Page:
LUTHERAN 79 Cliff Street (ph: 8569 2863) Mannum, Sundays 9.00 am, Sunday School 9.45 am during school terms. Everyone welcome.



Corner of Greening Street & Walker Avenue (ph: 8569 1187) Mannum, 1st & 3rd Sundays 11 am, 2nd & 4th Sundays 9 am

ANGLICAN 6 Adelaide Road (ph: 8165 0313) Mannum, Sundays 10.30 am ASSEMBLY OF GOD Greening Street (ph: 8569 1333) Mannum, Sundays 10.00 am BAPTIST William Street (ph: 8278 3992) Mannum, Sundays 10.30 am SEVENTH DAY ADVENTIST

17 King George St (ph: 0419 855 941) Mannum, Saturdays 9.30 am, Sabbath School 11.00 am

CATHOLIC Mau Street (ph: 8531 1699) Mannum, Mass: 1st Sunday 9.30 am, all others 8.30 am

PUZZLE ow many words of 4 or more letters can you make with these 9 letters? • Each word must include the letter in the shaded box • One word includes all 9 letters



36 Very good









37 Excellent

Mannum Senior Citizens Club ecently, our members went to the Police tattoo concert in Adelaide. What a magnificent show. It was well worth seeing. We have already decided to attend the next concert in 2 years time. A lot of other activities have been happening too. Another great concert we go to every year is the famous Comedy Capers Show, which is put on by the SA Scouts. This show was in Elizabeth, so we went over by bus early and had a look around the shopping centre, and enjoyed a lunch there before going over to the show. A really great day’s outing. As a club we are always busy with guest speakers, lunches, and outings. Unfortunately, our concert group has gone into recess, so there will not be any of our concert days this year. There are plans under way to have a concert for the Mannum people on October 18th at 7.30 pm in the Leisure centre. The Entertainment will be a show called Memories by a group of about 30 members from Elizabeth. Keep this date in your diaries. For anyone wishing to join our club, please contact the secretary, Lois Rand, Ph: 8569 2795. You will be very welcome. [See weekly programme, page 24.]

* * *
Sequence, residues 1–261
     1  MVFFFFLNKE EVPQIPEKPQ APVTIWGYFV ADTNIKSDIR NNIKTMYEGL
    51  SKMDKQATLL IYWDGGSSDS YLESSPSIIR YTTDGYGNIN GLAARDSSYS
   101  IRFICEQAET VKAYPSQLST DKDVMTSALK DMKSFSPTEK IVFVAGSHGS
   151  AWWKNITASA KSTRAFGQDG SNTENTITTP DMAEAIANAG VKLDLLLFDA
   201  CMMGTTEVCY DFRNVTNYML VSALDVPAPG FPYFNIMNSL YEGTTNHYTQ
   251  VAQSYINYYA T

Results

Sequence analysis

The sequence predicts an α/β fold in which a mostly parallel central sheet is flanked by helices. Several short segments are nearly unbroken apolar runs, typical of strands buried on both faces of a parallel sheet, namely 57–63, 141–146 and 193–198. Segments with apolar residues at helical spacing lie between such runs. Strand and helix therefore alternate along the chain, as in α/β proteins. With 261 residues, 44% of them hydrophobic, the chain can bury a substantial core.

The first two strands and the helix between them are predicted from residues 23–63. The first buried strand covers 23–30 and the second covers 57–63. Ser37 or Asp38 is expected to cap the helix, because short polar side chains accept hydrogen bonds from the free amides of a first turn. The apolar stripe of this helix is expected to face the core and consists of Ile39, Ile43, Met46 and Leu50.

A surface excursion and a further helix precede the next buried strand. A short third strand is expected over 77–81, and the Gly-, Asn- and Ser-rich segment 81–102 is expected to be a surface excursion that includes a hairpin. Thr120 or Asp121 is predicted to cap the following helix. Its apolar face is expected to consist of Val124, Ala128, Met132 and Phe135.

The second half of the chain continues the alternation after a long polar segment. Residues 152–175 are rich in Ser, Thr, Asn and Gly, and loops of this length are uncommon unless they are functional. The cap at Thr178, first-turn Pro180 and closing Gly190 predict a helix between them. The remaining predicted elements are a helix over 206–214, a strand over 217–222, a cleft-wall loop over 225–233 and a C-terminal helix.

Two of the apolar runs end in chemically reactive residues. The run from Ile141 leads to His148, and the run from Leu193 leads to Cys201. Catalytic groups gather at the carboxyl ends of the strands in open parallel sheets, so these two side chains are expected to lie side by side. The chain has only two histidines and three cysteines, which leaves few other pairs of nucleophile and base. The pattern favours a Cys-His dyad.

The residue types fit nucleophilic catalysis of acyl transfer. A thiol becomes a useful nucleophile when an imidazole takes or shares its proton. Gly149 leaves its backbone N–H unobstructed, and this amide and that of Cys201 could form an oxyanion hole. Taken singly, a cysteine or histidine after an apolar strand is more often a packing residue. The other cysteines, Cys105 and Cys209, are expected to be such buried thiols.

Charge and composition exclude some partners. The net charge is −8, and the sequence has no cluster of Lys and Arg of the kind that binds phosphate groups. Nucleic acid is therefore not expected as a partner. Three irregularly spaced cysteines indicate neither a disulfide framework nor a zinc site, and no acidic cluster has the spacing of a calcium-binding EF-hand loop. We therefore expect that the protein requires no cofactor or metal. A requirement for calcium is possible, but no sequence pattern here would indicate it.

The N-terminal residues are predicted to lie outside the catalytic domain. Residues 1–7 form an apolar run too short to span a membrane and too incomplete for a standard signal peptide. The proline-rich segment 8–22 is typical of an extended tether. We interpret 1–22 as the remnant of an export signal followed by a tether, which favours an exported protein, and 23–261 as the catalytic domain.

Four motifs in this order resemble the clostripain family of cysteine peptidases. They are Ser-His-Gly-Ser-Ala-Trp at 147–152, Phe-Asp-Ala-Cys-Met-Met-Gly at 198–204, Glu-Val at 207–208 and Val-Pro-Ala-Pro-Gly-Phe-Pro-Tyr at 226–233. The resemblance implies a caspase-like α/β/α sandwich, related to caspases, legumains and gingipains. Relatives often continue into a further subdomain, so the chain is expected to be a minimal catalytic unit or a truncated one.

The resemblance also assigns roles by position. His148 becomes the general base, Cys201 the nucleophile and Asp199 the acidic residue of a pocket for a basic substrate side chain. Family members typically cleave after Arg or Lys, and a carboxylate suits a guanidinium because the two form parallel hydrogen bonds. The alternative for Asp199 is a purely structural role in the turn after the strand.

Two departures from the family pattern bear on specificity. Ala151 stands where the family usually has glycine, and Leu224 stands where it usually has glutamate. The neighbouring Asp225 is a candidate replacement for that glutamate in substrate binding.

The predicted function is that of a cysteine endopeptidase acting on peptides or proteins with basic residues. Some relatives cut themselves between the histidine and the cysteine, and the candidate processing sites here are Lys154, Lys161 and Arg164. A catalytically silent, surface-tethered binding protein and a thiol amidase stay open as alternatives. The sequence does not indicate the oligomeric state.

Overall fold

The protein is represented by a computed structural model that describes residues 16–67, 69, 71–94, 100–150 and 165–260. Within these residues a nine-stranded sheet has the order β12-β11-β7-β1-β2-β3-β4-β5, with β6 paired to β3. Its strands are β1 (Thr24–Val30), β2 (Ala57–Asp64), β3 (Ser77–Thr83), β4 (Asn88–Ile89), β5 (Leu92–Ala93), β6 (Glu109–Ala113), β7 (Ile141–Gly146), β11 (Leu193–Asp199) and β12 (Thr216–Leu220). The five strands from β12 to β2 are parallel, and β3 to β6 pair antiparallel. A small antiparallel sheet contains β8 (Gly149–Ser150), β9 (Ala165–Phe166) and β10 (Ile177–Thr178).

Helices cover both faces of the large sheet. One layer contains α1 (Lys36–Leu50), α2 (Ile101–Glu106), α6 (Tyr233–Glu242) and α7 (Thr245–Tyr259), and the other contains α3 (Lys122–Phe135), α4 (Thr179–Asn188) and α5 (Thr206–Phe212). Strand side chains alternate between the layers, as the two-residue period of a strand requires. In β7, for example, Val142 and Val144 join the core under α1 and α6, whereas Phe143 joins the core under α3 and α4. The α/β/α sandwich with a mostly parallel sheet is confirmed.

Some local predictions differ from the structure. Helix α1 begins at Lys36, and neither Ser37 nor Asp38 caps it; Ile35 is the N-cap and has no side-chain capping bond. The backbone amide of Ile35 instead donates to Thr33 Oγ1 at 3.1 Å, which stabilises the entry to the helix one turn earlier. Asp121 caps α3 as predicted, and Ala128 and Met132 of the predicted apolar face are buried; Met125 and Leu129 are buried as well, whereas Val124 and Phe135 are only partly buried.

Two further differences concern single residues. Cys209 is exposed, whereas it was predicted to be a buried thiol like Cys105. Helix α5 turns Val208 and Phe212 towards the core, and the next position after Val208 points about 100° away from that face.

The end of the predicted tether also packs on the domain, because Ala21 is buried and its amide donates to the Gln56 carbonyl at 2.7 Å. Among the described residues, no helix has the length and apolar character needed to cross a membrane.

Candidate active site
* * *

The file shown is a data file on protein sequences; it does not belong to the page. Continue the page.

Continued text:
Jacqui Merckenschlager

Issue Number 25

24 Good


Mannum Mag

Lois Rand

Mannum Mag July 2008 issue Deadline 12:00 noon, Friday 27th June Page 3

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WHEN A QUALITY JOB COUNTS, COUNT ON US ............... Mannum Mens Discussion Group A Tribute n June this year the group will celebrate its 7th year of activity. Compliments have been received from members and speakers for the wide range of subjects discussed during those years and as can been seen from the sample list below, broadness is the key note. There is no particular theme. Astronomy, Energy, Thru the Eye’s of A Policeman, Human Rights, Motorcycle Racing, the Helicopter, Apothecary’s Tale, Olympic Diving, An Astronaut,


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Antarctica, Thieves and Vagabonds, Neighbourhood Watch Perhaps the following tribute which appeared in the Mannum Mag in August 2006, will best provide insight to a member’s evaluation: “I personally have found the Mannum Mens Discussion Group one of the most interesting community organisations that I have ever been involved in”. While the group exists for members to engage in discussion (not public speaking) and the sharing of knowledge and experiences, there are also social and friendship benefits which can be of great value. Meetings commence at 6:30

pm on the last Wednesday of each month, in the comfort of the day centre at the Mannum Hospital. A light supper is followed by a speaker on a selected subject/discussion, then coffee and closing at 9:15 pm. Speakers are invariably non members and are specialists on their subjects. An open invitation and a welcome is extended to all interested men. Just come along or phone Ralph Pitman 8569 1264 for more information.

Mannum Mag

Ralph Pitman

Counselling Are you struggling with difficult issues? ! Have you thought about counselling? ! Counselling may give you some clarity. For an appointment contact Ruth Abbott !

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8569 1187 Issue Number 25






PHONE TONY Mob: 0407846867 Tel: 85691373 A Literary Soirée